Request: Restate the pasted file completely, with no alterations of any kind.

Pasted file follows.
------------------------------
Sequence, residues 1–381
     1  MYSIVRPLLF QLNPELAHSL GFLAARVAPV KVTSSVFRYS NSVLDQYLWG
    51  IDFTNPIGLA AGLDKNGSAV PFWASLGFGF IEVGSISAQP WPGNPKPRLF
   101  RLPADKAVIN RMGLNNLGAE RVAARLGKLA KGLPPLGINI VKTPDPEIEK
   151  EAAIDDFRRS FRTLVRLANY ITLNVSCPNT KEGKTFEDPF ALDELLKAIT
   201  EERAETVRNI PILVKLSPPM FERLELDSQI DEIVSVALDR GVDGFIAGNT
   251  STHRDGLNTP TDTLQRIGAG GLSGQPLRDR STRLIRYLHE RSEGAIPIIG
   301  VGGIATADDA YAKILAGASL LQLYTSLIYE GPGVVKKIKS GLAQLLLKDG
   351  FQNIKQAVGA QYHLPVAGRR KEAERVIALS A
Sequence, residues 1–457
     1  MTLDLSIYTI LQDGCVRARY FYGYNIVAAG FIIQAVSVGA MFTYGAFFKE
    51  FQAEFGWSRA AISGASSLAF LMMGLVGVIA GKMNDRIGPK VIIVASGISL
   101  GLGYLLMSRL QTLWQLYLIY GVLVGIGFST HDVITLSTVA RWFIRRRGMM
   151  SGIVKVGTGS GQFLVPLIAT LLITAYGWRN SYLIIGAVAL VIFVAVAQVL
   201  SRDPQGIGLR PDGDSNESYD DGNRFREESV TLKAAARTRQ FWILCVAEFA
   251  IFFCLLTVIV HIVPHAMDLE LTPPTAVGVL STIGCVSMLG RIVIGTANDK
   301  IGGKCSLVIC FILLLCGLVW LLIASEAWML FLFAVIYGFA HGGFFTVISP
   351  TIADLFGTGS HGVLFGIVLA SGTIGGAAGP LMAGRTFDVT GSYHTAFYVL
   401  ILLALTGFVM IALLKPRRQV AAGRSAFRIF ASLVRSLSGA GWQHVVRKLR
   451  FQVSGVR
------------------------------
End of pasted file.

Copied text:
Sequence, residues 1–381
     1  MYSIVRPLLF QLNPELAHSL GFLAARVAPV KVTSSVFRYS NSVLDQYLWG
    51  IDFTNPIGLA AGLDKNGSAV PFWASLGFGF IEVGSISAQP WPGNPKPRLF
   101  RLPADKAVIN RMGLNNLGAE RVAARLGKLA KGLPPLGINI VKTPDPEIEK
   151  EAAIDDFRRS FRTLVRLANY ITLNVSCPNT KEGKTFEDPF ALDELLKAIT
   201  EERAETVRNI PILVKLSPPM FERLELDSQI DEIVSVALDR GVDGFIAGNT
   251  STHRDGLNTP TDTLQRIGAG GLSGQPLRDR STRLIRYLHE RSEGAIPIIG
   301  VGGIATADDA YAKILAGASL LQLYTSLIYE GPGVVKKIKS GLAQLLLKDG
   351  FQNIKQAVGA QYHLPVAGRR KEAERVIALS A
Sequence, residues 1–457
     1  MTLDLSIYTI LQDGCVRARY FYGYNIVAAG FIIQAVSVGA MFTYGAFFKE
    51  FQAEFGWSRA AISGASSLAF LMMGLVGVIA GKMNDRIGPK VIIVASGISL
   101  GLGYLLMSRL QTLWQLYLIY GVLVGIGFST HDVITLSTVA RWFIRRRGMM
   151  SGIVKVGTGS GQFLVPLIAT LLITAYGWRN SYLIIGAVAL VIFVAVAQVL
   201  SRDPQGIGLR PDGDSNESYD DGNRFREESV TLKAAARTRQ FWILCVAEFA
   251  IFFCLLTVIV HIVPHAMDLE LTPPTAVGVL STIGCVSMLG RIVIGTANDK
   301  IGGKCSLVIC FILLLCGLVW LLIASEAWML FLFAVIYGFA HGGFFTVISP
   351  TIADLFGTGS HGVLFGIVLA SGTIGGAAGP LMAGRTFDVT GSYHTAFYVL
   401  ILLALTGFVM IALLKPRRQV AAGRSAFRIF ASLVRSLSGA GWQHVVRKLR
   451  FQVSGVR